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Electronic Design

Electronic Design

Electronic Design

Electronic Design

Reliability design of PCB circuit board wiring

Reliability design of PCB circuit board wiring

The width and spacing of printed conductors are important design parameters, which not only affect the electrical performance and electromagnetic compatibility of the PCB, but also affect the manufacturability and reliability of the PCB. The width of the printed wire is determined by the load current of the wire, the allowable temperature rise and the adhesion of the copper foil. The width and thickness of the wire determine the cross-sectional area of the wire. The larger the cross-sectional area of the wire, the greater the current carrying capacity, but the current flowing through the wire will generate heat and cause the temperature of the wire to rise. The size of the temperature rise is affected by the current and heat dissipation conditions. The allowable temperature rise is determined by the characteristics of the circuit, the operating temperature requirements of the components and the environmental requirements of the whole machine, so the temperature rise must be controlled within a certain range.

Reliability design of PCB circuit board wiring

The printed wire is attached to the insulating substrate. Excessive temperature will affect the adhesion of the wire to the substrate. Therefore, when designing the wire width, you should consider the selected copper foil thickness of the substrate. The width of the printed wire can be determined when the allowable temperature rise of the wire and the adhesion of the copper foil can meet the requirements. For example, for a copper foil with a wire width of not less than 0.2mm and a thickness of 35um or more, when the load current is 0.6A, the temperature rise will generally not exceed 10°C. Because the load current of SMT printed boards and high-density signal wires is very small, the wire width can reach 0.1mm, but the thinner the wire, the more difficult it is to process, and the smaller the load current capacity. Therefore, when the wiring space permits, a wider wire should be selected appropriately. Generally, the ground wire and the power wire should be designed to be wider, which will not only help reduce the temperature rise of the wire, but also facilitate manufacturing.

The spacing of printed wires is determined by the insulation resistance, withstand voltage requirements, electromagnetic compatibility and the characteristics of the substrate, and is also limited by the manufacturing process. The insulation resistance between the wires on the surface of the printed board is determined by the distance between the wires and the parallel sections of adjacent wires. The length, insulating medium (including base material and air), the quality of the processing technology of the printed board, temperature, humidity and surface pollution are determined by factors. Generally speaking, the higher the insulation resistance and withstand voltage requirements, the longer the wire spacing should be. When the load current is large, the small distance between the wires is not conducive to heat dissipation. The temperature rise of the printed board with a small wire spacing is also higher than that of the board with a large wire spacing. Adjacent wires with large differences, if the wiring space permits, the wire spacing should be appropriately increased, which is not only beneficial to manufacturing, but also helpful to reduce the mutual interference of high-frequency signal lines. Generally, the wire width and spacing of the ground wire and the power wire are larger than the width and spacing of the signal wire. Taking into account the requirements of electromagnetic compatibility, the edge spacing between adjacent wires of high-speed signal transmission lines should not be less than twice the width of the signal line, which can greatly reduce the crosstalk of the signal line and is also beneficial to manufacturing.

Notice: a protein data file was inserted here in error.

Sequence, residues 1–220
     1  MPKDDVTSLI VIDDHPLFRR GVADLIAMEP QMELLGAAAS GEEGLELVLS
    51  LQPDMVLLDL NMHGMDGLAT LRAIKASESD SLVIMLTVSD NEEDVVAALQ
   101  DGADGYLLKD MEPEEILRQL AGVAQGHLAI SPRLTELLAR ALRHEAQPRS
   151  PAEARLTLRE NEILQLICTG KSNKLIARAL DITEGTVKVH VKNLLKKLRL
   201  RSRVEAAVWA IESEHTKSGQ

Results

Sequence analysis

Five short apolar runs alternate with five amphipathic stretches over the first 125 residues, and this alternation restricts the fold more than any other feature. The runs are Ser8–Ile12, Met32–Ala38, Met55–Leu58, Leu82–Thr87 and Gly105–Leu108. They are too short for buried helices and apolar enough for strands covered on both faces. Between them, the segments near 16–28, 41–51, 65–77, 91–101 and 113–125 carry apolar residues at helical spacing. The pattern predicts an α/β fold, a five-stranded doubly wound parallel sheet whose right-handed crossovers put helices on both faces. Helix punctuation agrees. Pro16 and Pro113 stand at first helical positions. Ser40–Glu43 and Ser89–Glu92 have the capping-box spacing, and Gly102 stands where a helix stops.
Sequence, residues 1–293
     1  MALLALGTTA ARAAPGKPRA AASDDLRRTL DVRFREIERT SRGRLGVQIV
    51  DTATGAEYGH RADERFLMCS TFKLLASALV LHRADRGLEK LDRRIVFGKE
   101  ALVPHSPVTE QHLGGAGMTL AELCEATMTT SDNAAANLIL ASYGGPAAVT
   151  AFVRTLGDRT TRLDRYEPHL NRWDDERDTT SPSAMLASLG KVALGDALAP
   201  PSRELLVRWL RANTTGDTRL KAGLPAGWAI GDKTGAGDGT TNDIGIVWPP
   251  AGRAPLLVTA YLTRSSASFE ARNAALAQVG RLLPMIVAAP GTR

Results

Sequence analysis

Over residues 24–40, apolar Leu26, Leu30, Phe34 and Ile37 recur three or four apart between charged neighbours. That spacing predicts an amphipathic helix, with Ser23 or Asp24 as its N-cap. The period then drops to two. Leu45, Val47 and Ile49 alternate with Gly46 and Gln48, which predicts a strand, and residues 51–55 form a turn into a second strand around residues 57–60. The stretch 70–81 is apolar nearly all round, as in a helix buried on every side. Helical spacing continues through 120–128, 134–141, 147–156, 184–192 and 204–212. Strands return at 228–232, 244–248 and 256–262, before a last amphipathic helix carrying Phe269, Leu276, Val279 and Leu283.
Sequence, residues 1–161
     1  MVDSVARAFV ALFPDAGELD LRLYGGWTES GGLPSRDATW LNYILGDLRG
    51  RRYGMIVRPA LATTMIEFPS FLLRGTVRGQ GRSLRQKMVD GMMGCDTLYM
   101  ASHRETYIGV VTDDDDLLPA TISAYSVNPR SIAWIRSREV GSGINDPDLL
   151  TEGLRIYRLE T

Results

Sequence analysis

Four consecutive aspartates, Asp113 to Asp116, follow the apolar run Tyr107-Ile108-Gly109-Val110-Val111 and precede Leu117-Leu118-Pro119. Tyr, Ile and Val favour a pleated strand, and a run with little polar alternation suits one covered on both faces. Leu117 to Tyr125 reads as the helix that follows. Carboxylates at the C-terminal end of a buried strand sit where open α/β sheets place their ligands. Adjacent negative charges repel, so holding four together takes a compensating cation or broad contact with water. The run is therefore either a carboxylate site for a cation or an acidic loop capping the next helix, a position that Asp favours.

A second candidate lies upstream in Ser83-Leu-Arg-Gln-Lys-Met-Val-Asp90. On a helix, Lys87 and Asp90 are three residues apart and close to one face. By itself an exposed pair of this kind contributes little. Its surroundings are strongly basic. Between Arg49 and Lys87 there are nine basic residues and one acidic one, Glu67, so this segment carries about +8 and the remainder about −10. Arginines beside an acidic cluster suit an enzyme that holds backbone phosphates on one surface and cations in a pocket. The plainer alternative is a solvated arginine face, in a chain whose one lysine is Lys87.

When designing a printed circuit board, the appropriate trace width and trace spacing should be selected according to the signal quality, current capacity and the processing capabilities of the PCB manufacturer, and the following process reliability requirements should be considered:

1. According to the current processing capabilities of most PCB manufacturers, the line width/line spacing is generally required to be no less than 4mil;

2. No right-angle turning point is allowed at the turn of the routing;

3. In order to avoid crosstalk between the two signal lines, the distance between the two lines should be extended when parallel routing, it is best to adopt a vertical cross method or add a ground wire between the two signal lines;

4. The wiring on the board surface should be properly dense, and when the difference in density is too large, it should be filled with mesh copper foil;

5. The traces drawn from the SMT pad should be drawn vertically as far as possible to avoid diagonal pulling lines;

6. When leading from an SMT pad whose lead width is thinner than the trace, the trace cannot be covered from the pad, and the lead should be from the end of the pad.

7. When the fine-pitch SMT pad leads need to be interconnected, they should be connected outside the pad, and direct connection between the pads is not allowed.

8. Avoid crossing wires between pads of fine-pitch components as much as possible. If it is necessary to cross wires between pads, solder masks should be used to reliably shield them.

9. No wiring is allowed in the area where the metal shell is in direct contact with the PCB. Metal bodies such as heat sinks and horizontal voltage regulators cannot be in contact with the wiring. All kinds of screws and rivet mounting holes are strictly prohibited within the forbidden area. Wiring to avoid potential short-circuit hazards.